and tourist attractions such as beaches. The management of
tourist should be attention to left of eagle feed at Geopark
that oily waste cause to produce problem for mangrove
trees in area. In island the facilities are inadequate either
because a trained manpower shortage; consequently, poorlytreated euent of waste leachate is often discharged into
the branches of Geopark that is near the landfill site
environment.
The problem in regulations of Langkawi Island has
not been very eective according to questionnaire because
inadequate institutional and human resource capacities to
enforce them. Insucient Facilities to storage and disposal
of hazardous wastes is the problem too in Langkawi
Island.

5. Conclusion
The present system of solid waste management cannot meet
growing volumes of solid wastes that are produced daily.
The central government should find legal and institutional
framework for municipal solid waste management (MSWM)
and guarantee that local governments have the authorities,
powers, and capacities necessary for eective management
of the solid waste. Enhancing the solid waste management
practices in Langkawi island, the municipality needs to
establish waste management strategies and employ the
technological innovations due for securing improved waste
separation at the source, resource recovery or recycling, and
sanitary disposal of the solid wastes.
While examining the local level of awareness on the
benefits of appropriate solid waste management system to the
local community, the researcher noticed that the residents of
Langkawi Island were quite aware of the value of a clean and
waste-free environment in terms of environmental health
and safety, aesthetic value of the island, encouraged tourism,
and reduction in spread of vector diseases. Inadequate and/or
inappropriate management of the solid waste will enhance
survival, growth, and spread of vectors which will hence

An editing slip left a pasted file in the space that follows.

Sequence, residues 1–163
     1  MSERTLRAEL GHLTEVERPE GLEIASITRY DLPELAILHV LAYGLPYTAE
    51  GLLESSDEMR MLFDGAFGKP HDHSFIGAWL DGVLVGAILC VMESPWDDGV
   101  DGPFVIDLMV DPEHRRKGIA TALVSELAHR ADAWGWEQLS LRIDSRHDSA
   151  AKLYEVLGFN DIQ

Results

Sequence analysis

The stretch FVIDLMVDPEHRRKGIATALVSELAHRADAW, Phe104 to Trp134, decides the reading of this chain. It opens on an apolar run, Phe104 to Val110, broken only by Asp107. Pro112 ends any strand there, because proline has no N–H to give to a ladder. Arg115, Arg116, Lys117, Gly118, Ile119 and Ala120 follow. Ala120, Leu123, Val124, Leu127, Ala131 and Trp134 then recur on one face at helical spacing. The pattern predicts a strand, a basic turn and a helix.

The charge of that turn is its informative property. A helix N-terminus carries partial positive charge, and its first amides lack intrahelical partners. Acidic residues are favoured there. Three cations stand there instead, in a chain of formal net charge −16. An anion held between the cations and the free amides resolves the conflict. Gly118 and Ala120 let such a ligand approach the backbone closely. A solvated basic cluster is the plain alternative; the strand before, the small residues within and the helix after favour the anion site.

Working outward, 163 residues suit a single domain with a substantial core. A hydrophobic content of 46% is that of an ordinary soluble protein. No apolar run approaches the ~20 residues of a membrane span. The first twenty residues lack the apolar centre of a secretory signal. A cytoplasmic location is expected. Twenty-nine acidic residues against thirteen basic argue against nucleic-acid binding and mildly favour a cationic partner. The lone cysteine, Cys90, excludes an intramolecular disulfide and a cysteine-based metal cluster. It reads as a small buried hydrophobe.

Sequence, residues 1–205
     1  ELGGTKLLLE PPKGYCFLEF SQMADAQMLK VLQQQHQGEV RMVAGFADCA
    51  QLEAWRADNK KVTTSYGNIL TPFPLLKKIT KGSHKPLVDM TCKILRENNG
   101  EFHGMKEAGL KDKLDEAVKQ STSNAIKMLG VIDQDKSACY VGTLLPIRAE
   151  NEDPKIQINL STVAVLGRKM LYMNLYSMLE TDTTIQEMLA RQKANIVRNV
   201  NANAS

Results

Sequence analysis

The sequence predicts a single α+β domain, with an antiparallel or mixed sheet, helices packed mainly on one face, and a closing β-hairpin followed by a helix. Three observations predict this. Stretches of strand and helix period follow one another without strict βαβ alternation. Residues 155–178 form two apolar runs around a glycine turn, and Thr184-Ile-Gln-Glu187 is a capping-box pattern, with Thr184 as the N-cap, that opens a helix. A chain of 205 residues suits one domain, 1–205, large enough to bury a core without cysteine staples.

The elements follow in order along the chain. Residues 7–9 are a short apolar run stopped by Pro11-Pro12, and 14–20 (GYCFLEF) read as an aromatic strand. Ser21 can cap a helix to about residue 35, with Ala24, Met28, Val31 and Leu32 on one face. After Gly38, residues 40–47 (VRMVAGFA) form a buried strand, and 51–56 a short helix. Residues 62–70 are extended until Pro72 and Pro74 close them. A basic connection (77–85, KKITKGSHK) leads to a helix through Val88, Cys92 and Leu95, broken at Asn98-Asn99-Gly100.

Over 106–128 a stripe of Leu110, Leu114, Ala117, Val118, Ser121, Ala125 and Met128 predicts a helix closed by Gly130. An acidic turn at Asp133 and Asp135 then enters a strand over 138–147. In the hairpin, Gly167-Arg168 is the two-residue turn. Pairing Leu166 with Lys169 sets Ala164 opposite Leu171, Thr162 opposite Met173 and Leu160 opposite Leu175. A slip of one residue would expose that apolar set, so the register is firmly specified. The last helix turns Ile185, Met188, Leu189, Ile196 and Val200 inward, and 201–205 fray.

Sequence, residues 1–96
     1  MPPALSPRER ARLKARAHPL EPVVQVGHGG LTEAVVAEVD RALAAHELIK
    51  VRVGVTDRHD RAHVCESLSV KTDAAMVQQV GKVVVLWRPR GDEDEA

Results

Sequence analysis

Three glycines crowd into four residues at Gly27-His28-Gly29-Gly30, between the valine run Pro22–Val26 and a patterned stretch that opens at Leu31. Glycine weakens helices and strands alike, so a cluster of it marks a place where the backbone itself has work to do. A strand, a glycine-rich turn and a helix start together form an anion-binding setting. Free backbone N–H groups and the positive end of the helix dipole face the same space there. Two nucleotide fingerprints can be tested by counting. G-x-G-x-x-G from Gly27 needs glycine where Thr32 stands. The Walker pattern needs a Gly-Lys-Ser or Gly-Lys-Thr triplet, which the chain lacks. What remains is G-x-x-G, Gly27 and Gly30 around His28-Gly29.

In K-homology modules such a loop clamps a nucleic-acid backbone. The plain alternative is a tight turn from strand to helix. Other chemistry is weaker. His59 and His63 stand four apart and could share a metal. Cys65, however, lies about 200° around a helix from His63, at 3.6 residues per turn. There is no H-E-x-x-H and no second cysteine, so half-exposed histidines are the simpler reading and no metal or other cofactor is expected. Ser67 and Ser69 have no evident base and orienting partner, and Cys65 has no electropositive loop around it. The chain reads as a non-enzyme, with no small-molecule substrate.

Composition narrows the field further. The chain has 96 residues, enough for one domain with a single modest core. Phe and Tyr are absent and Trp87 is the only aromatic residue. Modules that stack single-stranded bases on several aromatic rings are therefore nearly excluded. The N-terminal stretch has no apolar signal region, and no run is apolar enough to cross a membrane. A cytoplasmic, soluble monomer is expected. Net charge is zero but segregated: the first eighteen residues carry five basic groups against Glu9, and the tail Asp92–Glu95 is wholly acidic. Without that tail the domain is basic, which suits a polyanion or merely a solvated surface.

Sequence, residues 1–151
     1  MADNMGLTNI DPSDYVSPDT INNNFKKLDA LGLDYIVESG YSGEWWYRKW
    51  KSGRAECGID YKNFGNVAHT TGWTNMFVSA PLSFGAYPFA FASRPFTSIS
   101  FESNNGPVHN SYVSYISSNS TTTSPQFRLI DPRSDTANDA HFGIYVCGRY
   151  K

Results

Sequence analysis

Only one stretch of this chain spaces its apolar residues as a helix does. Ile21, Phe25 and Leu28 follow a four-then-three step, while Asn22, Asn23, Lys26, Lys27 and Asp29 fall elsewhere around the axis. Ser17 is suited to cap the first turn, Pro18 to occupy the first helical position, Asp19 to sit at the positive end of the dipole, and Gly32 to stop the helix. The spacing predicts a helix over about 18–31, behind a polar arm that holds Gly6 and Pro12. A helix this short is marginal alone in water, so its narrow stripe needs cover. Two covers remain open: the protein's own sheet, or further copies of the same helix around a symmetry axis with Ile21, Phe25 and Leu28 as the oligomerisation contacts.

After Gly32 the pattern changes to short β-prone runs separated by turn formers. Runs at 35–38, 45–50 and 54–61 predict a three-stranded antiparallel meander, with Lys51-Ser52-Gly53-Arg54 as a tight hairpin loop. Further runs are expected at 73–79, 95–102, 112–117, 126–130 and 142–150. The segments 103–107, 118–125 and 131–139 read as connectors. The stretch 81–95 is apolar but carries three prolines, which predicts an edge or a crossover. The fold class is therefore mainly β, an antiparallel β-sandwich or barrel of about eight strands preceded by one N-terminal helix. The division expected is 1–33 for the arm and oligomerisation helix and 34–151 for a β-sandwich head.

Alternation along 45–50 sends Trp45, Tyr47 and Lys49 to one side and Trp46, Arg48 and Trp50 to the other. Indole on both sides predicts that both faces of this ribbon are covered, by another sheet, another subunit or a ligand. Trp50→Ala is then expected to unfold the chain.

endanger the people and environment besides polluting the
water, soil, and air with organic and inorganic materials. It
is much likely that varying proportions of the waste could be
washed to the surface water bodies and consequently aggravate the environmental pollution problems. New strategies
can improve tourism industry in the area without serious
environmental problems and minimum dangerous eect on
the natural Geopark.

Journal of Environmental and Public Health

6. Recommendations
We recommend establish the working relationships among
hotels, resorts, and companies of waste collection. We also
suggest good practices of environment, the most significant
of them is developing integrated solid waste management
(ISWM) approach at the hotel level.
Successful programs of ISWM at the hotel level need necessary elements such as initiative of management, adequate
space for the separation of the waste, and activities of treatment related to capacity building plan for hotel personnel.
Usually tourist visits only short periods of time -one to
two weeks- in the Langkawi Island which poses a challenge
for awareness raising purposes between tourists and residents; as a result expanding separation at source will be
useful at hotel level in island and education to public
participation for separation at source.
Achieving a better services provision to improve infrastructure is eective by relationship establishment between
private and public centres in Langkawi Island.
Lack of local recycling capacities adds to waste problem.

Acknowledgments
The authors are particularly thankful to Majlis Perbandaran
Langkawi (MPL) and Lembaga Pembangunan Langkawi
(LADA) and also to National Solid Waste Management
Department Ministry of Housing and Local Government in
Malaysia.